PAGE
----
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Catholic Northwest Progress
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April 27, 1962     Catholic Northwest Progress
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April 27, 1962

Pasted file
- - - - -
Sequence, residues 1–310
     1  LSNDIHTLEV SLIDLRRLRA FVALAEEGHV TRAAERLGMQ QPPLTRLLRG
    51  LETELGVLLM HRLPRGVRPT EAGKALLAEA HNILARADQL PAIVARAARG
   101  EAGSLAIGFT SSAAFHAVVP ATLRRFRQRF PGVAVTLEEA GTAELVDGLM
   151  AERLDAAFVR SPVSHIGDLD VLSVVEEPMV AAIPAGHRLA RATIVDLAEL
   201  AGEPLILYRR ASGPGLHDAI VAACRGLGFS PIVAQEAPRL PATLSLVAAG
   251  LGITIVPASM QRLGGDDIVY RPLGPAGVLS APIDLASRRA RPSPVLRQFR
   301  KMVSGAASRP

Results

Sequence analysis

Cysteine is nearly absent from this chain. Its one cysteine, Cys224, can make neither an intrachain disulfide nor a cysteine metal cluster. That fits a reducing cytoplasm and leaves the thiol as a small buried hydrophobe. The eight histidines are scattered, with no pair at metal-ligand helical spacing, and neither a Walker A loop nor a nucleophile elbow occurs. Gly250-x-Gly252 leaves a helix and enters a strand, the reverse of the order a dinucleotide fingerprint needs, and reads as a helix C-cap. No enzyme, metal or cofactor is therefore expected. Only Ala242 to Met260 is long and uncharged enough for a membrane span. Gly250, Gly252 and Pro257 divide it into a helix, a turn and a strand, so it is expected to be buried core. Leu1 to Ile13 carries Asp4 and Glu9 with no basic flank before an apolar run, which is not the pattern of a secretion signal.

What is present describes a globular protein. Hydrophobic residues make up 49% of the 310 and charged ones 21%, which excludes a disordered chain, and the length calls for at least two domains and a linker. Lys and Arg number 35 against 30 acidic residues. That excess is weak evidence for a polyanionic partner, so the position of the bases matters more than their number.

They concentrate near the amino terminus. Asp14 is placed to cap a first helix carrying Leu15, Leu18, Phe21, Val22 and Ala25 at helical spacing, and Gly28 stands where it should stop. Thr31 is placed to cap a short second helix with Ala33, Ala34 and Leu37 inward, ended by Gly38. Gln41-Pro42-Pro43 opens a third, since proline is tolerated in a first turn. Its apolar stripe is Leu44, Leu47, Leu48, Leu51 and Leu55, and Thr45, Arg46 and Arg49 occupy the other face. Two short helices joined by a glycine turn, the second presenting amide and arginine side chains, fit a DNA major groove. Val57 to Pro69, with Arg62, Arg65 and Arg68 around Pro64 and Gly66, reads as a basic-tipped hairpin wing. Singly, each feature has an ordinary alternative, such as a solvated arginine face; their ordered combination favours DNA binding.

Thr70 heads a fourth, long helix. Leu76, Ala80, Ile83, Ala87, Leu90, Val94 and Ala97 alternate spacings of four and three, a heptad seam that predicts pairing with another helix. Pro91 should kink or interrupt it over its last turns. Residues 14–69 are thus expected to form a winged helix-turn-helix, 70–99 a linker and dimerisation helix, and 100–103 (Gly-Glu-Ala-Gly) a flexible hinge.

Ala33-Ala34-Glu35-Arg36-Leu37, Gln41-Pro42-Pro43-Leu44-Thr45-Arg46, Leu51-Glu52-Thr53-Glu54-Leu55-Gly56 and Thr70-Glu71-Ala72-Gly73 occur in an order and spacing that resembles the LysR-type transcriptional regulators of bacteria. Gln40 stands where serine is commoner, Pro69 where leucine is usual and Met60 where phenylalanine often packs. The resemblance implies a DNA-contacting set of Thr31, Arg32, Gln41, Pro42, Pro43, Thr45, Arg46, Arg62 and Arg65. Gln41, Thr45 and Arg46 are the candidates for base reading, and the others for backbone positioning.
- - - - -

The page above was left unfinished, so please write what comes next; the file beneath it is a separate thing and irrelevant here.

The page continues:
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elm Eckhart Who Is The New Man? THE NEW MAN, by Thomas Morton, Far- rar, Straus and Cud- ahy, Inc., 248 pp., $3.50. S T. PAUL exhorts us to strip off, to kill, the Old Man. In writing to the Colossians he warns all men in all times that there is no life in the Old Man, that the soul can live only in the new man. It is this New Man that is the subject of Father M. ouis (Thomas Merton) latest k anent the spiritual life. Who is the new man? Mor- ton writes of the New Man'f origins, his birth into life, and his relations. It is not enough to say that each of us is The N6w Man, when through the Sacrament of Baptism we are led into the mLnew land of God's grace, when Dither personally or through the Fmediation of a sponsor we re- nounce Satan and his works and in so doing kill the old man, dear friend and genial playmate of sin and darkness. When Adam entered into himself, erecting the wall of his own humanity between imSelf and God, the man that erged on the side opposite and hidden from God was the first "old man." The world and its concupi- scence were the results of Adam's fall. The old man had entered the spiritual history of man. Christ, the New Adam, is also the New Man. It is He that makes it pas- tor all men to become new men. It is the New Adam that makes it possible for man to turn into himself to find his true nature, the personality existing, with, in, and for God, through the Son. In this spiritual introspection d e do not emerge from our- yes opposite and hidden from , but rather the New Man emerges, a son of the Divinity of the Father, a brother of Di. vinity in the Son, an instru- ment of Divinity in the Holy Spirit. The emergence of the New By JOHN J. ECKART during the Easter season. The Easter Liturgy resounds with typological and symbolic reference to the New Man called out of the old by the new life that is in Christ through His church. This hook begins with an ex- ploration of what Father M. Louis terms his "Promethean theology." The subject matter, while not directly related to the concept of the New Man, serves well to introduce the subject as it deals with a type of 01d Man, the Promethean type. The author develops his Promethean theology by using this term as expressive of that kind of theology, or spiritual life that considers God's infi- nite grace as anything less than a free gift, as something that must be stolen from God and held against all comers. It is primarily a sin of pride, a foolish regard by the person that he must prove his personality by reaching into the Olympus heaven and take something that makes him greater and in some way makes God less, thereby nar- rowing the gap between man and God. At times when reading some HEADLINES of Merton's contributions to The Catholic Worker, I feel Father M. Louis flails without direction. His militant pacificism, while grounded most certainly in the considered view of an excel> tionally talented eontempla. five, somccimes leads to con- elusions that would leave his country extremely vulnerable to the onslaughts of the Com- munist world, those whose consciences are less tender on the subject of war. Thomas Morton is for peace, for the Peace of God, and who can gainsay him, most cer- tainly not this column. But then this prolific Trap- pisS offers a book such as this and we know that Thom- as Morton, Father M. Louis, still stands humbly among the finest spiritual writers, and writers on spiritual mat- ters, of our age. He continues to ask more and more of the reader, forcing the reader to wonder if indeed we are not all called to be con- templatives, no matter what vocation God has granted us. J God Love You r008.y, 27, w%2 THE PROGRESS--S T-00ro00gh. Loss Of Nose rAmL______XY Parents Ar,00 Too N ESKIMO mother in the far North e individual nat]onal average of 27 cents this Old Fashic ned was carrying her infant in a crude  ear.' Suppose that you personally promised to  basket strapped to her back. At the end send the Pontiff $10 in the name of the Lord of the day, she discovered that her daughter's and His mother! But let us not merely suppose By Pother John L. Thomas, S.J. tiny nose had completely disappeared--it had been rubbed off by prolonged contact with the rough handle of the basket. Seeing the bloody holes in the baby's face, the mother no longer wanted her child. So she gave her to a mission- ary, who flew the infant to a hospital many miles away. There, the child grew up among the Sisters, who also saw that plastic surgery restored her nose. When she was 1{] years old, Ann, for that was her name, was told by the missionary that she should return to her parents for a while. All of the young men who met Ann as the plane stopped en route to her home fell in love with her. But her parents still did not want Ann--she had been away from them too long. Ann begged the missionary to take her back to the Sisters. Today, she is a Sister herself. Thus, God in His mysterious ways arranged for a vocation through the loss of a nose! But what would have happened had that mission- ary had no plane, or his mission no bospital or Sisters? Jumping to another part of the world, let us suppose that the bishops of Africa did not have to turn away more than 10O appli- cants a year for want of funds. Suppose that the 3,500 young men who are refused admis- sion to the seminaries of Spain, because they are filled, could be trained for Latin America. How different the world would bel Suppose that the Catholics of the United States, realizing that the spread of the Church through- out the world depended on their generosity to the Holy Father, decided to give him more than AND DEADLINES: Bit Of Arm.Twisting corridors endangering Western air traffic. At the same time the State Department said Tuesday that it appears possible to reconcile the Western and Soviet posi- tions on the GermanBerlin issue. Very likely reconciled in favor of the Soviets. But all this may not be viewed so optimistically in Bonn or Berlin. This is shown by the fact that Secretary of State Rusk has postponed ne- gotiations until further com- ments are received from Bonn on the "slightly re- worded" proposals made by the U.S. last week. (Continued from Page 1) the Berlin dispute in Washing- ton, which was expected. The Soviets doubtless fore- see a probability that these may result in concessions which will advance "settle- ment" on their own terms. What was not expected was the clamping down by the U.S. this week of a blackout on any news regarding this question coming from Bonn or Berlin. At least no dateline from either place has appeared, ex- cepting that General Clay was honored on his birthday by West Berliners and that Soviet Man is especially significant, as Father M Louis writes, planes have again buzzed the Then, too, he will leave Sun- day on an extensive air tour m'''''mmm'm='='''==='=u'- I" which will take him to Athens I for the HATe Council meeting 23rd Annual North American LITURGICAL WEEK In Seattle August 20.23 ReglstroHon foe: $3.00 per personl $5.00 per married couple NAME .................... ........................... l ADDRESS ............................................. ! I CITY .................... ZONE .... STATE ........... I I Mall to: |962 Llturglol Week, 410 Morlon St., Seattle 4, Wash. I I S 'New ! where he will discuss the U.S. I ! plan on Berlin with West Ger- I many's foreign minister, Ger- I hard Schroeder. [ The way it looks from here, I there may be a bit of arm- ! twisting involved. I I Srange Affair I I The tortuous, not to say de- I ! vious course of. handling the I Berlin question surpasses all I understanding. How the negotiating has been reduced to a twosome in oar nation's capital be- tween the Soviet ambassador and our Secretary of State is a puzzle which takes some doing to solve. For one thing, one must Low oo Group Rate V [] Big Savings on Travel to Europe on IRISH! Now.. parish groups of 25 or more can make substantial savings on travel to the cities and shrines of Europe. For example, the group fare to Ireland is just $274 per person, round trip from New York. You fly on daily scheduled Silver Shamrock Economy Service, enjoy the warmth of Irish hospitality and arrive after less than six happy hours aloft. Group travel is much easier to arrange than charters. Here's all there is to it: Book the flight 30 days in advance. Arrange to go and return any time within 12 months, except for certain week- ends during peak travel periods. Select your des!inn!lena from the 30 that Irish International serves in Ireland, Britain and the Continent. For details and help in making arrangements, call your Travel Agent or Irish International. Be sure to ask about our Shamrock Thriftair Plan... any number of your group can take advantage of this exceptionally.low-cost pay-later arrangement. Want a folder of group rates? We'll be delighted to send it to you[ Group Fares Now in Effect. Subject to GoVernment Approval After May 31. 681 Market St., San Francisco -- EXbrook 7-5863 Now York and Boston to: DUBLIN SHANNON . CORK BELFAST . BIRMINGHAM BLACKPOOL j BRADFORD BRISTOL CARDIFF EDINBURGH GLASGOW. ISLE OF MAN JERSEY LEEDS  LIVERPOOL. LONDON . MANCHESTER. CHERBOURG LOURDES PARIS. RENNES DUSSELDORF fRANKFURT AMSTERDAM BARCELONA BRUSSELS COPENHAGEN LISBON ROME. ZURICH  (By . . you will, won't you? Thank you. GOD LOVE YOU to Roy. D. K. for $10: "At this seminary it is customary for the newly ordained to buy popcorn for the other seminarians. I have taken the liberty of sending you my popcorn money in the name of my fellow seminarians." . . . to Mrs. N. M. for $10: "In thanksgiving to St. Joseph for recovery from n severe opera- tion." . .. to Mr. and Mrs. F. N. for $100: "This represents sacrifices made for the missions throughout the Lenten season. Please use it as you see fit.".., to D. R. V. for $2: "This is the money I was saving for a butterfly net. Some people in foreign coun- tries need it more than I do." At a loss for gift suggestions? Turn them into a gain for The Society for the Propagation of the Faith by selecting our smart cuff-link sets (oval or square), tie clasp or ladies' charm. Made of gold-colored Hamilton finish with the raised red insignia of the Society, these items are ideal for seminarians, class awards, any and all giving. Specify the items you desire, etelose a minimum offering of $3 for each piece and send your name and address to The Society for the Propagation of the Faith, 366 5th Ave,, New York 1, N. Y. Cut om this column, pin year saerifiea to it and mail it to Most Roy. Fulton J. aeen, National Director of the Society for the Propa- gation of the Faith, 366 5th Avenue, New York 1, N.Y., or your Archdiocesan Director, Rev. Stephen Szeman, 90'/ Terry Avenue, Seattle 4. Commies) Professor of Sociology at St. Louis University Don't our parents realize that things have changed since they were young? Although I'm almost 17, my folks insist on knowing everything- and I mean everything! about my sodal life. Whom were you with? What did you do? Why were you late? They treat me like a child. Because they name the exact hour I have to be home, I often have to leave a party just when it's starting to be fun. Don't they realize how embaassing this can be? ROWING up in the modern world can be pretty rough at times, and I can fully appreciate some of your difficulties. It's not easy to be different from others, particularly when they seem to be nice kids, just interested in having a good time. You feel you're getting old enough to stand on your own feet. This proves you're developing normally, for a spirit of inde- pendence is a necassary quality of a mature person. But aren't you overlooking a few important points? In the first place, you are not yet a mature woman. To be sure, you've passed the awkward stage when you were considered too old for toys and too young for boys, but you still have a good way to go before you'll be entirely on your own. If you're not convinced that this is the ease, just ask yenrsolf who buys the groceries and who pays your bills. FR. THOMAS You may consider your parents old-fashioned in some ways, but they're modern enough to know how to earn a living and to provide all the things you need while you're going to school. How much time do you spend worrying about your next meal or how to pay for your new dress? No, you haven't grown up yet! More important, when your parents brought you into the world, they acceded the responsibility before God and society of guiding your grow into full Christian maturity. Because we are all deeply influenced by the friends we have and the kind of social life we lead, an important part o your parents' respeibility eousists in supervising your friendships and your social activities. conclude that the Four Power pact made at the end of World War II has been virtu- ally consigned to the limbo of barren treaties. The Soviets have broken the treaty repeatedly, but the West has likewise been responsible for breaking it by being re- miss in seeing that the terms of the pact were observed. Thompson in Moscow last Jan- uary and February. The first shift took place when the UN authorized a com- mittee o{ 18 nations to convene in Geneva last March to draw up a protxxsal for disarmament which would be submitted to the UN Assembly June 1. France declined to send dele- gates because it believed such Apart from these censidera, a meeting would be worse than tions, the futility of making useless for it would only afford any kind of agreement with the Soviet Union a sounding the Communists is evident, board for its propaganda. yet for years the West has striven to reach an accord with the Soviet Union to set- tle the Berlin and German question equitably and in ac- cordance with the terms of the Four Power pact. All efforts were rewarded For some unexplained reason, a .ide product of.the disarma- ment conference, which in- cluded discussions of a nuclear ban agreement, was a series of meetings by the Soviet Union, Britain and the U.S. on the Berlin and German questions. As France had predicted, or practice Secretary Rusk un. dertakes to make an agreement on Berlin and Germany with an ambassador of the Soviet Union is not quite comprehen- sible. True, Britain and France as well as West Germany will be kept informed on what is going no, but this does not alter the negotiating proce- dure. Questions Answered On 'Challenge' The third in a series of "Challenge" programs designed by intransigence, obstructions, delays, refusals to negotiate, rejection of all reasonable sug- gestions, repudiation of obliga- tions under terms of the treaty and finally complete violation on the part of the Soviets. Shifts Made One would think that at the very least, even though the original treaty had been dis- carded, the negotiating parties should be the four who made the post-war agreement in the first place. At one point it appeared that the problem would be resolved in the UN, which might not have been a bad idea if the world organization had been anything resembling the kind of international body it pretended to be. But that proposal passed quickly. Then a round of talks between Rusk and Gromyko was held in September, and another useless series between Gromyko and U.S. Ambassador HOLY CROSS BROTHERS the disarmament conference has been sterile and the three.power talks bogged down to the point where they threatened to terminate. Then a second shift took place whereby Britain stepped aside, leaving only the U.S. and the Soviet Union to carry On. Before leaving Geneva last month, Rusk and Gromyko agreed to keep the discussions going. U.S. Invitation After the foreign ministers went home, leaving lower-level negotiators to haggle over dis- armament and test ban ques- tions, the U.S. insisted on con- tinuing the German and Berlin discussions with the Soviets. The next shift came when the Administration invited the Soviets to parley in Wash- ington. By this time the Soviet Union had a new ambassador thee, Ann!ely F. Dobrynin, a smooth and experienced negotiator. To date, he and Secretary. Rusk have held two "very "friendly" procedural meetings, One at the request of Dobrynin, and the two have now agreed to enter into formal negotia- tions on Berlin aS-soon as Rusk to answer vitewers' questions will be telecast Sunday, April 29, at 6 p.m. on KOMO-TV, Channel 4. Questions on religious and family problems will be an- swered by the three panel members: Rev. Wililam Trea- cy, Dr. Martin Goslin and Rabbi Raphael Levine. The first part of the discus- sion will focus on problens of broken homes and the remain- ing time will be devoted to questions of religious toler- ance for others customs and philosophies. KOMO-Radio will rebroad- cast the progt;am Sunday at 10:30 p.m. Hour Of St. Francis Play Slated "How Small A Fire," is th Hour of St. Francis presenta. !ion for Sunday, April 29, on KXA Radio at 6:45 p.m. and in Everett on KQTY at 7:30 a.m. The story follows the path d a small but important word returns, about May 12. beirg omitted from a story The amazing situation is about a woman's charnoter. not only that only two of the The story races through the four lmwers are undertaking community until it is about to to negotiate but that an am- destroy the innece pomon bassador and a secretary of involved. state find themselves en the same plane. In the past, and as has been Serve God Thrcmgh customary, negotiations axe Farming Trades Teaching conducted by officials o=t the Writing Social Work Clerical Work Foreign Millions 881110 level, ambassadors with For Information write: Brother ambassadors, foreign ministers Gilbert Burke. C.S.C. with foreign ministers and Notre Dame High School heads of state with heads of 13642 Riverside Dr. state. Sherman Oaks, Calif By what rule, law, agreement NP JESUITS $OCI|TY OF ) JESUS A world-wlde army o{ Priests and Brothers pledged te the service of Christ and His Church. Over 8,000 Jesui are at work in he UMtI States. For particulars, prln#s these dt4mllst Nmo .*..*.ea*e**.**e** AO ee*ee*. Address .............................................. City .......................... Stats ................. Clip out this mivarthemant and moil tot FATHER N. MEANY, $.J. EAST 1224 EUCLID AVENUE SPOKANE 21, WASHINGTON III I -- _ ul ii illlllll I I I "rhe,secret.o CHARTREUSE Only four Monks st a Monastery in France know the secret fo'mula of Chartreuse, buLits i taste is knownfthe yorM over. ;To serve or to #e, 'no other liquefir is so revealing'of your | 1| own good taste.. CHARTREUSE Yellow-86 Proof Green--ll0 Proof Sch;effelln & Co., New York Most parents don't find this easy under modern eonditions.i Rapid means of transportation render parental supervision doubly difficult, while the number and nature of the social aetivi. ties now open to young people necessarily require that parents impose some limits and restrictions. Suppose Parents Did Not Care ET'S look at it this way. Suppose your parents didn't cam whom you ware with, where you went, what you did, or whm yon returned home. If you failed in school because your social life interfered with your studies, they would just shrug their shoulders and say: "You're old enough to know your duty." If you kept company with the wrong type of companions and got in trouble, they'd tell the police: "Don't blame us, she's old enough to know better." If you became pregnant, as now happem to thousands of girl. your age, they would tell the social worker: "Why, at her age, we wouldn't insult her by trying to ran her soelal life." If year emotions trapped you into an early marriage, again like so many thousands of gifts your age, your parents wouA4 just nod: "You've made your bed, now you'll have to sleep in It." ' Do you want your parents to treat you in this careless, off- hand manner? Many delinquent girls" complain bitterly flint their parents neglected them. Although they were allowed to do as they pleased, they rightly regarded this parental permissiveness as an indication that their parents really didn't care for them; I think you would feel the same way if your parents showed no concern about your s0cial activities. Parents Have To Know UT YOU may say you only want them to show a little less coamern. Well, let's look at your complaints a little closer They want to know whom you are with. How else can they be sure that you don't keep company with persons who might mis- lead you or give you a bad reputation ? They want to know what you did and where you went. If you've behaved properly and remained away from disreputable places, why should you object to giving them this information? Surely as long as your parents are responsible for you, they .... must know what you do when you are away from them. You say they embarrass you by setting a definite hour when .... you must return home. Ill you stop to think about it, your parents are not unreasonable and their rules get you out of embarrassing situations. Good parents protect the health of their growing children by seeing to it that they get sufficient sleep. They also know that it is imprudent for young couples to spend long periods together particularly when they may be tired. For your part, if your date knows the hour you must be ini you won't have to argue with him about when to return, and you have an excellent excuse for avoiding some of the thoughtless; late-hour proposals that your common sense tells you axe gerous." All you have to say it: "Sorry, but you know what time I have to be home." .No, your parents are not old,fashioned. They may seem dif- ferent from many others because they love you and take their parental responsibilities seriously. Although you may not know it, you're a very lucky girl. PENNY DRIVE Otxm heart to help a sick or crippted child. l